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Kvasir

The Story of Kvasir and the Mead of Poetic Inspiration

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The Giant Suttung and the Dwarfs, by Louis Huard

The Giant Suttung and the Dwarves, by Louis Huard

"The Heroes of Asgard: Tales From Scandinavian Mythology," by Annie Keary, Eliza Keary (1871)
The story of Kvasir and the Mead of Poetic Inspiration comes from the Prose Edda of Snorri Sturluson [SKÁLDSKAPARMAL THE POESY OF SKALDS.]

The fighting Norse Vanir and the Aesir gods decided to make a truce, so each side spat in a vat to seal their peace. The gods removed the spittle from the vat to keep the compact safe, then shaped the spittle into the form of a man, whom they named Kvasir. Kvasir was the wisest man on earth. He spent his days instructing humans and answering every question posed to him. In one particularly brilliant display of his intellect Kvasir helped the gods, who were hunting Loki, because he could even read ash residue.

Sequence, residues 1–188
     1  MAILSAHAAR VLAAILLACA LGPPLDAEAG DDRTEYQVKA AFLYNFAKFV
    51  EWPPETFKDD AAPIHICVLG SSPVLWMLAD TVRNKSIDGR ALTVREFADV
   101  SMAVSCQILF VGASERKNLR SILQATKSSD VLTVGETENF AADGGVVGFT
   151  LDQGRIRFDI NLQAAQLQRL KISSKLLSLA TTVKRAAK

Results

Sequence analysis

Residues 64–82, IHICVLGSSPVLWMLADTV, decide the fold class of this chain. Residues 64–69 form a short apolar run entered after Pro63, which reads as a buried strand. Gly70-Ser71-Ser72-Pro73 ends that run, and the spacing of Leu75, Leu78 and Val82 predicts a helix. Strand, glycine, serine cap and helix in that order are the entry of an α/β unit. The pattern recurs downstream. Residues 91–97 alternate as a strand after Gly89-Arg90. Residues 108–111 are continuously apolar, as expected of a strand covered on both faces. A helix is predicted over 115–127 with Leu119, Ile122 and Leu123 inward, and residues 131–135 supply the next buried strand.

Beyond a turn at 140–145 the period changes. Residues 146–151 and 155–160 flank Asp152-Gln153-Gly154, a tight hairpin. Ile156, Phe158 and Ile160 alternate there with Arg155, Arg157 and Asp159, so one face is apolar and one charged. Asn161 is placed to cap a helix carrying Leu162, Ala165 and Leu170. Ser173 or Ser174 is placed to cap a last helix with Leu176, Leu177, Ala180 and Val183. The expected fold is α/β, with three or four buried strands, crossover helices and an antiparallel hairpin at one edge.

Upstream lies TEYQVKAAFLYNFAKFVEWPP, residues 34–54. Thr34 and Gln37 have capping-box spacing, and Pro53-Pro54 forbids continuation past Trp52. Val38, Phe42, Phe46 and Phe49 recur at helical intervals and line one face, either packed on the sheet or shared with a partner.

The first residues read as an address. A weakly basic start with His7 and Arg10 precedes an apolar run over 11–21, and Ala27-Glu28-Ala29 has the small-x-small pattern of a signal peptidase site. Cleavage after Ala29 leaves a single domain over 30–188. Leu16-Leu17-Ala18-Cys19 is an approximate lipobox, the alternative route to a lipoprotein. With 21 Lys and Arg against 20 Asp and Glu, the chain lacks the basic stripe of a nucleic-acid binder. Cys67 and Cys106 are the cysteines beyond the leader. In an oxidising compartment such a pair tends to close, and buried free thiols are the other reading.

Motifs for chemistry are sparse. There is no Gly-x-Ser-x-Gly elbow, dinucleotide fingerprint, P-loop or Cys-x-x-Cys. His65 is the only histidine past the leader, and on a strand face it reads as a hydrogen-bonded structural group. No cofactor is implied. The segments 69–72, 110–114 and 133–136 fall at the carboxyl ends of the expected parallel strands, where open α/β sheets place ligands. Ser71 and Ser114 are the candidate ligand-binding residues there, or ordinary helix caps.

One day, Kvasir received an invitation from Fjalar and Galarr, a couple of dwarves, so he visited them. Being evil dwarves, they, of course, killed Kvasir, but being practical dwarves, they then preserved his precious blood in two vats (Són and Bodn) and a kettle (Ódrerir). Then they mixed honey with the blood and so produced mead, which would keep better than plain blood.

Not yet finished with their mischief, the dwarves invited over the giant Gillingr and his wife. They took Gillingr out in a boat, deliberately capsized it, and then left Gillingr to drown, which he could easily do since he didn't know how to swim. The two dwarves straightened their boat, rowed back home, and reported to the giantess widow. She wailed until they offered to take her to see where her husband had drowned. On her way out, Fjalar let a millstone fall and crush the poor widow.

The dwarves were not to get away scot-free. The giant pair had a grown son named Suttungr who heard what had happened. He lifted and carried the dwarves out to sea and set them on a reef where they frantically begged for their lives. They offered the giant the poetic mead as a price for his father's death.

Suttungr accepted the retribution.

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